Lumbar puncture is mandatory for the diagnosis of PTC, not only to confirm that the opening pressure is elevated, but also to ensure that the cerebrospinal fluid formula is normal. A number of inflammatory or infectious conditions can present with disc swelling and signs and symptoms of elevated intracranial pressure, and diagnosis of these conditions when they exist is imperative. Some patients will have a normal opening pressure at the time of LP but have signs/symptoms of elevated intracranial pressure. Such patients might benefit from intracranial pressure monitoring (inpatient study, done for 24–48 hours). As with blood pressure and IOP, intracranial pressure can vary diurnally.
Figure 4. MRI findings often found in patients with raised intracranial pressure include vertical tortuosity of the optic nerve and flattening of the posterior aspect of the globe as seen in the top left image. Top right shows the appearance of a partially empty sella, while the bottom left image is an example of dilation of the perioptic fluid cuff. A typical distal transverse sinus stenosis at its junction with the sigmoid sinus is demonstrated in the bottom right frame.
Figure 5. Cerebral venous sinus thrombosis (CVST). In contrast to the venous sinus stenoses seen in IIH, thromboses typically demonstrate irregular, patchy filling and lack a specific predilection for involvement of the transverse/sigmoid sinus junction. Note the irregularities within the superior sagittal and transverse sinuses (left image) and lack of filling of the straight sinus (right image).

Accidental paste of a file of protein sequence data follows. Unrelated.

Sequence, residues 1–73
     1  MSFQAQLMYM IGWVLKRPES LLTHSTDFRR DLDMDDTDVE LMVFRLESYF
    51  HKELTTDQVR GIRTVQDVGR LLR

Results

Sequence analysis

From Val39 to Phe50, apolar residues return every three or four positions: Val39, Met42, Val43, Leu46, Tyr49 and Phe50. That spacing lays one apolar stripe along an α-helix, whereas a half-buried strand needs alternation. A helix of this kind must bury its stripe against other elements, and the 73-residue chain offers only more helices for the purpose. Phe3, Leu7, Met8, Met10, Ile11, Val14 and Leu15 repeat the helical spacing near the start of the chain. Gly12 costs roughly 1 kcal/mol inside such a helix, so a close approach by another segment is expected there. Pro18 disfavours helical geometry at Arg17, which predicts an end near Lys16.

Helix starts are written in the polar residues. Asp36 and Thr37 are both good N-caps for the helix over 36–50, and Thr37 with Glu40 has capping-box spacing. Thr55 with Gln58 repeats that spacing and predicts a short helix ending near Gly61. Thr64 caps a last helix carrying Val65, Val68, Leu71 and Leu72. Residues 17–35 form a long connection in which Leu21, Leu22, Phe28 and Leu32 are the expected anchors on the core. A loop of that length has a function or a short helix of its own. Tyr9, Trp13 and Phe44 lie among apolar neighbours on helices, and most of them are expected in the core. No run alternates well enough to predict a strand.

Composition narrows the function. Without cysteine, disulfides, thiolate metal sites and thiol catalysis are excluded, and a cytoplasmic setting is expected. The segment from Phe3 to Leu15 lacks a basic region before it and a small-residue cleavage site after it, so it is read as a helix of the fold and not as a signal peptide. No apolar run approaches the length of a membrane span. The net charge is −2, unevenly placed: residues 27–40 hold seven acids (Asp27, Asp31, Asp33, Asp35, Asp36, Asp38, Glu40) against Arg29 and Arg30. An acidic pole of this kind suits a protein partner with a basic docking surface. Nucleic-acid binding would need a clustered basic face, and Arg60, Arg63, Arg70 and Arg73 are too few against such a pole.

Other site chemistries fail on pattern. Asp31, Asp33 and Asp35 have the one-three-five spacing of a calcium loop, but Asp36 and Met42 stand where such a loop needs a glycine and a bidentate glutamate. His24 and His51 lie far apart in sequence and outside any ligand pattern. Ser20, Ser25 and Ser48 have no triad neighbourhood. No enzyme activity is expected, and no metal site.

Testing for staging, fundamental impairment
As mentioned above, the stage of papilledema might not correlate in some cases with the degree of visual impairment. Hence, functional testing including visual acuity, color vision and most importantly, formal perimetry are essential for accurate assessment in IIH patients. Some patients might have a degree of optic atrophy and gliosis (overlying scarring) from chronic, longstanding papilledema. In the face of persistent or recurrent ICP elevation, such nerves might not demonstrate the classical features of papilledema seen in "fresh" cases. Hence, attention to retinal venous tortuosity, shunt vessels, and neuroimaging findings (discussed above) might be fruitful.
Figure 6. Chronic papilledema. Top panel shows a patient with active yet chronic elevation of ICP with optociliary shunt vessels (blue arrows) and RNFL swelling, peripapillary fluid and gliosis extending overlying the disc and retinal vessel just temporal to the disc (white arrows). The bottom panel shows fundus photos of the same patient following a ventriculoperitoneal shunt placement. Note disappearance of the shunt vessels, underlying optic atrophy and persistence of gliosis.
OCT RNFL and GCC (ganglion cell complex) can be very helpful in following IIH patients, with the exception of cases with RNFL thickening above 250–300 microns, where the utility of OCT diminishes. OCT is a helpful adjunct when correlating the degree of RNFL thickening with VF involvement. For example, if OCT demonstrates a reduction in RNFL thickness in a patient with improving visual fields, this suggests that edema is improving along with visual function as expected. However, in cases of reduction of RNFL thickness on OCT and accompanying deterioration of VF, the more likely conclusion is loss of RNFL volume due to atrophy. GCC analysis is especially good at resolving the integrity of the underlying ganglion cell layer, which is not affected by overlying edema; hence, GCC assessment provides a more accurate measure of retinal architecture and better correlation with visual function.